The deputy vice-chancellor of research, innovation and engagement at Mangosuthu University of Technology, Professor Zodwa Dlamini. PICTURE: MOTSHWARI MOFOKENG
The deputy vice-chancellor of research, innovation and engagement at Mangosuthu University of Technology, Professor Zodwa Dlamini. PICTURE: MOTSHWARI MOFOKENG

DURBAN: For a young Zodwa Dlamini growing up in the rural village of Mahlabathini, near Ulundi, in KwaZulu-Natal, science was a fascinating puzzle with endless possibilities.
“From a young age I loved science and my teachers encouraged me to pursue it further because I was a bright student. I never thought I would end up in academia. I just knew that I didn’t want to be a medical doctor because I didn’t want to have to deal with patients,” said Dlamini.

The deputy vice-chancellor of research, innovation and engagements at the Mangosuthu University of Technology (MUT), Dlamini spoke on the sidelines of a five-day research and innovation conference hosted by her department in Durban last week.

The conference was attended by academics from institutions around the world, leaders in government and representatives from the private sector with the aim of stimulating discussions and collaborations on various issues including medicine, entrepreneurship and green technology.

“Being a professor is not just about publishing our work so that we get recognition. We need our work to have a socio-economic impact and develop innovations to change people’s lives, so we must find ways to take science to the people and not make it a field of just a select few,” she said.

The 55-year-old scientist became shy and self-conscious when asked about her personal life but her face lit up with excitement when she talked about anything related to research and science.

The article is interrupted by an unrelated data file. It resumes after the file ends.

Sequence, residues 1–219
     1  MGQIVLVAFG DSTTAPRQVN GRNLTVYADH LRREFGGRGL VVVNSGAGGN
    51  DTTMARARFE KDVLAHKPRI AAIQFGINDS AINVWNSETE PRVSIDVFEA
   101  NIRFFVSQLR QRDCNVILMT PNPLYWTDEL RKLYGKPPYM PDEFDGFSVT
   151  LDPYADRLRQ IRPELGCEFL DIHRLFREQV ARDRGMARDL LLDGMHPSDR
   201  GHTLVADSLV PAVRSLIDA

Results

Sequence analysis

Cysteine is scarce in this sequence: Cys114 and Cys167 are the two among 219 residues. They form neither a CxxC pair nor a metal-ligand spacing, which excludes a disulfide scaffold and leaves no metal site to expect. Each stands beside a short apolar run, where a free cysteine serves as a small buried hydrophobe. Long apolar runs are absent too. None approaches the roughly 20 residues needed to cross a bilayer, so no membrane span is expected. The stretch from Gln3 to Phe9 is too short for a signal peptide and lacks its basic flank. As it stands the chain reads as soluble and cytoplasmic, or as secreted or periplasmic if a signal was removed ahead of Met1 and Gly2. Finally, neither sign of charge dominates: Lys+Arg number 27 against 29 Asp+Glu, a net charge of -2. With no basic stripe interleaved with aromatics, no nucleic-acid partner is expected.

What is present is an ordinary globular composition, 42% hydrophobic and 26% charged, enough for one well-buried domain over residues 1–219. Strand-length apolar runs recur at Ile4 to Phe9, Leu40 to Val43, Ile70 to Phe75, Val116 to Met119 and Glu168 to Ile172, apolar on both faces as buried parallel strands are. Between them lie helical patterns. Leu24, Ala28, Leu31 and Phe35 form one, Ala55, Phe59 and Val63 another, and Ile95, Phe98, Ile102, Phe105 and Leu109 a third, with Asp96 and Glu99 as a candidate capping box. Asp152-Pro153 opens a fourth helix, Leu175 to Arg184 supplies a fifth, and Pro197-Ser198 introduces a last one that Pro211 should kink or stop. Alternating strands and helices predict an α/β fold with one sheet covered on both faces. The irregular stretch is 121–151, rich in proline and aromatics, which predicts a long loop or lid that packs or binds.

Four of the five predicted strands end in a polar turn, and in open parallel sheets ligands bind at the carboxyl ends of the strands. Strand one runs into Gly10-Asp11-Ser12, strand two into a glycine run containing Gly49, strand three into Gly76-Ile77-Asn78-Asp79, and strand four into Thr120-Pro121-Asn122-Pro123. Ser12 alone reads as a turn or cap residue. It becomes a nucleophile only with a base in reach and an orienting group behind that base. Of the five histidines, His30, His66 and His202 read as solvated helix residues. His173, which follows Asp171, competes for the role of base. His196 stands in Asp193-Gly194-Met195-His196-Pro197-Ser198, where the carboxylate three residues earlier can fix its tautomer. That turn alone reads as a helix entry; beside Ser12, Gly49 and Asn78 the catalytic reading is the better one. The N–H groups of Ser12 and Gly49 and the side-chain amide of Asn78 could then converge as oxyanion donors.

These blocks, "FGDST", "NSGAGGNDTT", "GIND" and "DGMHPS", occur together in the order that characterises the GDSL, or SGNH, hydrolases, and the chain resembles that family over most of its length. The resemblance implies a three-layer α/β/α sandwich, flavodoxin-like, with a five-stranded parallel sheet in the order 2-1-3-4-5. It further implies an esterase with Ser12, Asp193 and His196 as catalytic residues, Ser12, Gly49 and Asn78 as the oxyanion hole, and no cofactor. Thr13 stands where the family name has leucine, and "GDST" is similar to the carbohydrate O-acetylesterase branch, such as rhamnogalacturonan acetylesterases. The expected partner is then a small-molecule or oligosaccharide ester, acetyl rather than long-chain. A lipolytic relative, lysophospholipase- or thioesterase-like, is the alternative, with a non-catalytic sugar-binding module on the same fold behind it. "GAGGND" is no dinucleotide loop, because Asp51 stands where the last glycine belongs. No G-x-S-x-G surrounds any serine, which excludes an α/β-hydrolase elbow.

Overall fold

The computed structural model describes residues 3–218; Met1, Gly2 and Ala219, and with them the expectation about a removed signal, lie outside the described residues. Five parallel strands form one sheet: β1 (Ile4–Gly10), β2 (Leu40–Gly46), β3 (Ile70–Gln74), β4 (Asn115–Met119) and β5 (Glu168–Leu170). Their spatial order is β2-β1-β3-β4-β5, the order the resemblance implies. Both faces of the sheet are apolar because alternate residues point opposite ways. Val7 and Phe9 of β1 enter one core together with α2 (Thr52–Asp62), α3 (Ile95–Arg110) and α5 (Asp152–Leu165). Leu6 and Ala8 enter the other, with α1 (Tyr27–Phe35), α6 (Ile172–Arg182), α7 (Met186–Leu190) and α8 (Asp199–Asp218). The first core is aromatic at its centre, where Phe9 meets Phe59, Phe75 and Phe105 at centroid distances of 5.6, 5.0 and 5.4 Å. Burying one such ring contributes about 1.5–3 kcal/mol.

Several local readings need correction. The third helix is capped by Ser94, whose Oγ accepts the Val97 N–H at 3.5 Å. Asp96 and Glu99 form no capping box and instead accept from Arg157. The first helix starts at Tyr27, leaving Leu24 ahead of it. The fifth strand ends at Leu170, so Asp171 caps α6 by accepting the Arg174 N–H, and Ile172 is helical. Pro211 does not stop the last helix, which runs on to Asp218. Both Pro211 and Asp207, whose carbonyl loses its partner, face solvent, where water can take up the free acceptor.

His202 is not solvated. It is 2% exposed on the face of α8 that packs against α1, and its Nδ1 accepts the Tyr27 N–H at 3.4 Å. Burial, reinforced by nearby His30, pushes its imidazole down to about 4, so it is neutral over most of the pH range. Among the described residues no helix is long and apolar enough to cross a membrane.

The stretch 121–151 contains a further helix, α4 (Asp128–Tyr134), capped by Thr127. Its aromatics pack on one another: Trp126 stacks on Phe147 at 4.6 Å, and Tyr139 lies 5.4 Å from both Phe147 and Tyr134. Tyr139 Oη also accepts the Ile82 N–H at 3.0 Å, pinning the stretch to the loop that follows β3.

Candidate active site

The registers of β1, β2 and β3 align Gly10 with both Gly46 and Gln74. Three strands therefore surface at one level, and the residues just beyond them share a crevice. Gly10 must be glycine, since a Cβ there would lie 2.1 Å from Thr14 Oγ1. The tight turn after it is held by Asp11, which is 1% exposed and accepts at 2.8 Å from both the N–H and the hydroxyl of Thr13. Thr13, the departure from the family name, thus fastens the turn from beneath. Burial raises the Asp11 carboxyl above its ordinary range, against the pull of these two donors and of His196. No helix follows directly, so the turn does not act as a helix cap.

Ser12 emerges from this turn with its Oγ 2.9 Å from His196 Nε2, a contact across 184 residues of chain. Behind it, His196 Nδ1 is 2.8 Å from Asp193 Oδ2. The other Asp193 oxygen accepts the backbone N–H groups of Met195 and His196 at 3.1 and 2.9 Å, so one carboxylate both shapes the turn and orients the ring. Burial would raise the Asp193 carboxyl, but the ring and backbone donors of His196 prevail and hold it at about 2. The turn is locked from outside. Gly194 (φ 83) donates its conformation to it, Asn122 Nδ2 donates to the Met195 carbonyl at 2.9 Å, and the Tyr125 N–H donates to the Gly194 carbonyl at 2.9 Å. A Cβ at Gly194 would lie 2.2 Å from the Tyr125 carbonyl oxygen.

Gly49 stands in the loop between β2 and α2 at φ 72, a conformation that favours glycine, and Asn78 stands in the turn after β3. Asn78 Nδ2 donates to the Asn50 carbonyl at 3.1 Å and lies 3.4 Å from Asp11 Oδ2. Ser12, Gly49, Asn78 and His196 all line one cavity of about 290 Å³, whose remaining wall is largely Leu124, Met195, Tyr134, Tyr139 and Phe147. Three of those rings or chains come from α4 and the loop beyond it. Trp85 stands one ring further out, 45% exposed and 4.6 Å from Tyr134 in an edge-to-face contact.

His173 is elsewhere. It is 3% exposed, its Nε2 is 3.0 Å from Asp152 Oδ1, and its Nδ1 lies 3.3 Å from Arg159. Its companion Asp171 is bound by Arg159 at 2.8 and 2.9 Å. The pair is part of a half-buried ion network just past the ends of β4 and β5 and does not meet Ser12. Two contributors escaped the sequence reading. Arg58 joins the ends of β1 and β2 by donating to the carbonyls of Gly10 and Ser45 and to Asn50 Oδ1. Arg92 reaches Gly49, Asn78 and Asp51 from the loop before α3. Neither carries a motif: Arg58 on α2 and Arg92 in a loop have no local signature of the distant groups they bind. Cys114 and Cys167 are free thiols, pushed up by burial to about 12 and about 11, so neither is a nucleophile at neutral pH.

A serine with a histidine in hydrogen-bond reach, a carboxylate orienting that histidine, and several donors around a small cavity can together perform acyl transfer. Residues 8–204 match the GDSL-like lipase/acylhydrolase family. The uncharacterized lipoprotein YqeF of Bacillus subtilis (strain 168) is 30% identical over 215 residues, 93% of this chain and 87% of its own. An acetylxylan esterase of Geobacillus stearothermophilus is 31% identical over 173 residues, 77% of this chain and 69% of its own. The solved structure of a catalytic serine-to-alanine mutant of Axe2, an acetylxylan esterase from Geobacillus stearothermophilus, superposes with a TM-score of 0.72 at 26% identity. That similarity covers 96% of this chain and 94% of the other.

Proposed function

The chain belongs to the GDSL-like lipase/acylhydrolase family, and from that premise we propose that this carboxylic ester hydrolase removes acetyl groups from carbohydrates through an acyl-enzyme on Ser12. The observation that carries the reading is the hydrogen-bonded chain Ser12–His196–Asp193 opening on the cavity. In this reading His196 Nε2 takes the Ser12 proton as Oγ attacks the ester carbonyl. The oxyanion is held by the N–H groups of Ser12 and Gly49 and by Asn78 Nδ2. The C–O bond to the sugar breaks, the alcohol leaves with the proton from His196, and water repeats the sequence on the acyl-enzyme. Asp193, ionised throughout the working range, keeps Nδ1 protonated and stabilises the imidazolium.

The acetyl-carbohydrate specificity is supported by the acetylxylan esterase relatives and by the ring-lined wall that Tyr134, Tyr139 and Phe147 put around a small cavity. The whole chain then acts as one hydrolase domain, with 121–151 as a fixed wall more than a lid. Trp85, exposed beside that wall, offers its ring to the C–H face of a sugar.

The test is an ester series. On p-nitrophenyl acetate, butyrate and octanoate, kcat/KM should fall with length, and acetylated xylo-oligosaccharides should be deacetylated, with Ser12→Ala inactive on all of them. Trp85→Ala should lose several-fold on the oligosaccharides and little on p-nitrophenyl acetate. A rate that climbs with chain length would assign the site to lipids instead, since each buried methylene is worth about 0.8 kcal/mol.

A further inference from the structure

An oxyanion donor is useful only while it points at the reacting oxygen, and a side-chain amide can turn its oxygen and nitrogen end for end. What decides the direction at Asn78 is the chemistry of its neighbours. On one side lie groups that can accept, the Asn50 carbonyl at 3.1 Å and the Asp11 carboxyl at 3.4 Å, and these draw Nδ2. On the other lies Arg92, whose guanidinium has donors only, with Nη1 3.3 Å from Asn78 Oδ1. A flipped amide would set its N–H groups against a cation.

As a specialist in the field of molecular oncology, Dlamini’s latest fascination is precision medicine which she said was going to change the way people received medical treatment.

“Precision medicine is very close to my heart as it is an emerging approach for disease treatment and prevention that takes into account individual variability in genes, environment, and lifestyle,” she said.

This approach allowed doctors and researchers to predict more accurately which treatment and prevention strategies for a particular disease would work in which groups of people.

Dlamini explained that this is in contrast to a “one-size-fits-all” approach, in which the treatment of diseases and prevention strategies were developed for the average person, with less consideration for the differences between individuals.

She said that was one of the reasons MUT had chose to have a session where delegates explored pharmacogenomics.

“In future, we envision a comprehensive disease classification that combines information from biomedical-research, public health, and health care delivery. This will take communities towards advancing knowledge of disease pathogenesis and improving health,” said the professor.